Toxoplasmosis is a disease that results from infection with the Toxoplasma gondii parasite, one of the world’s most common parasites and found most often in cats.
Donor requirements for participation:
- You must be clinically diagnosed by a medical professional. Confirmation of the diagnosis and/or treatment must be verified with your physician.
- Be pre-screened to determine eligibility.
- You’re willing to donate plasma through the apheresis process.
- You must have a photo ID and be able to provide your social security number or proof of citizenship.
- You must be at least 18 years old.
- You must weight at least 110 lbs.
- You must disclose if you have ever been diagnosed with Hepatitis C and/or HIV.
For questions and concerns about requirements or participation, contact us at (833) GO-4-CURE.
Toxoplasmosis may cause flu-like symptoms such as body aches, swollen lymph nodes, headache, fever, and fatigue. In some people, but most people affected never develop signs and symptoms. For infants born to infected mothers and for people with weakened immune systems, toxoplasmosis can cause extremely serious complications and symptoms that include headache, confusion, poor coordination, seizures, lung problems that resemble tuberculosis, and blurred vision.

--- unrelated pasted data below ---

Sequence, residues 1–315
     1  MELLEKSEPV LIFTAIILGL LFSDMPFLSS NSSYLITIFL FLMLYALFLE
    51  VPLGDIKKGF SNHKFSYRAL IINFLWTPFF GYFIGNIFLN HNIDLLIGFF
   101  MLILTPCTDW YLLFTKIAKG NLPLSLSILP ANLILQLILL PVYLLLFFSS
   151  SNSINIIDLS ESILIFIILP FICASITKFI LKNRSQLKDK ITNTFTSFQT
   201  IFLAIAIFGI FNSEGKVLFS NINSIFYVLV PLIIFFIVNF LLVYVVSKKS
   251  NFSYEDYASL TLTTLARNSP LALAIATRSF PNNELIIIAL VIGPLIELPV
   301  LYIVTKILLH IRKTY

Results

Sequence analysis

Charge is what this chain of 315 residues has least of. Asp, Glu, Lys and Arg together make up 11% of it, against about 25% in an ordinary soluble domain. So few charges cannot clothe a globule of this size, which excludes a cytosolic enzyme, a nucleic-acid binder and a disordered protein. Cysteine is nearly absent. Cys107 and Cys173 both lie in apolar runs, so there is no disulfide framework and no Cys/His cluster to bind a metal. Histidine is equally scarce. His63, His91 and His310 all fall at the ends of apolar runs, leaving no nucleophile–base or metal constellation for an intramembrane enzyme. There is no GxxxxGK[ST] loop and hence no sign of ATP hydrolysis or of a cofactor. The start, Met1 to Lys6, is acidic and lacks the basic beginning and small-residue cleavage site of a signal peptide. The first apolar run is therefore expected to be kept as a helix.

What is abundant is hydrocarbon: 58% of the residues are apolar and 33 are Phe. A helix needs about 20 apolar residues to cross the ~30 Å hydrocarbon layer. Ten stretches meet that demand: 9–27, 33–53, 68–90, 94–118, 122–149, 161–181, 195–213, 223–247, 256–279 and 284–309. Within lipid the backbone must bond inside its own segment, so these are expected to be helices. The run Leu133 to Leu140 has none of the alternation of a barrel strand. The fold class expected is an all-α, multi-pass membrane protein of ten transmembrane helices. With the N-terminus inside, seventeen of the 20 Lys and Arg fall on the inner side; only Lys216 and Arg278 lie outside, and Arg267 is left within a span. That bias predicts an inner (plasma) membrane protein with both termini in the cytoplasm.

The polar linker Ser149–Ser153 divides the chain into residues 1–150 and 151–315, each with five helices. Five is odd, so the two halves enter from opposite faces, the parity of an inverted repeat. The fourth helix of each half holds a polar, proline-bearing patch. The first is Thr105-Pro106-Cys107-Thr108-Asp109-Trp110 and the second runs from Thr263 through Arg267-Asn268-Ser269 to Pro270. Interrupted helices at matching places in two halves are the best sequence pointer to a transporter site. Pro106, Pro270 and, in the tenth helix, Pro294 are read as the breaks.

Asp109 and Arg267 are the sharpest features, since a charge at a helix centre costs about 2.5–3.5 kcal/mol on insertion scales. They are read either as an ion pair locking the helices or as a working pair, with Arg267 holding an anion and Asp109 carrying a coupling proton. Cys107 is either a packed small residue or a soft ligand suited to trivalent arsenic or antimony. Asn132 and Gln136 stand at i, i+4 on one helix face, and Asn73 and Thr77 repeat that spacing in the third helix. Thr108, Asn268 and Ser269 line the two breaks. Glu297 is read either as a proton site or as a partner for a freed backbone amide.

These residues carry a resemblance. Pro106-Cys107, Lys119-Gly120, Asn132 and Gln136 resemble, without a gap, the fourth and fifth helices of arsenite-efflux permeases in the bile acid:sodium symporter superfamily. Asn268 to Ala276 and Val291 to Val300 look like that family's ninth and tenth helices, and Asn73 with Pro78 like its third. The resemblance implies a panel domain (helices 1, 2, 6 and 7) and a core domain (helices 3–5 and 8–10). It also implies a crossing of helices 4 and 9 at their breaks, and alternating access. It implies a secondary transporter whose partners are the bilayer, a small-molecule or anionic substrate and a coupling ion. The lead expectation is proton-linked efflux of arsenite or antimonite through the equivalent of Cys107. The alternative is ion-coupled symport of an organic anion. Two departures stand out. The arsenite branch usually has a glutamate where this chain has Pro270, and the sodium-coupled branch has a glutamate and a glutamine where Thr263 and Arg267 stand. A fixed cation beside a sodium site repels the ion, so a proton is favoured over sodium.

If you’re generally healthy, you probably won’t need any treatment for toxoplasmosis. However, you doctor may prescribe Pyrimethamine (Daraprim) or Sulfadiazine. If you are pregnant or have lowered immunity, certain medications can help reduce the infection’s severity. The best approach, though, is prevention: wearing gloves when gardening, avoiding raw or uncooked meats and unpasteurized milk, and covering children’s sandbox.
This information is not meant for clinical diagnosis, but as an educational resource derived from Mayo Clinic.
Discovering that you have been infected with a disease can be overwhelming with many unanswered questions and concerns. One that may come to mind is “how can I help someone else that may go the same process and struggles that I have experienced?” You can help by becoming a Specialty Antibody donor!
Participating in research allows scientists and clinicians find new treatments, tests and quicker diagnostic methods to improve patient outcomes and, hopefully, prevent the disease from spreading.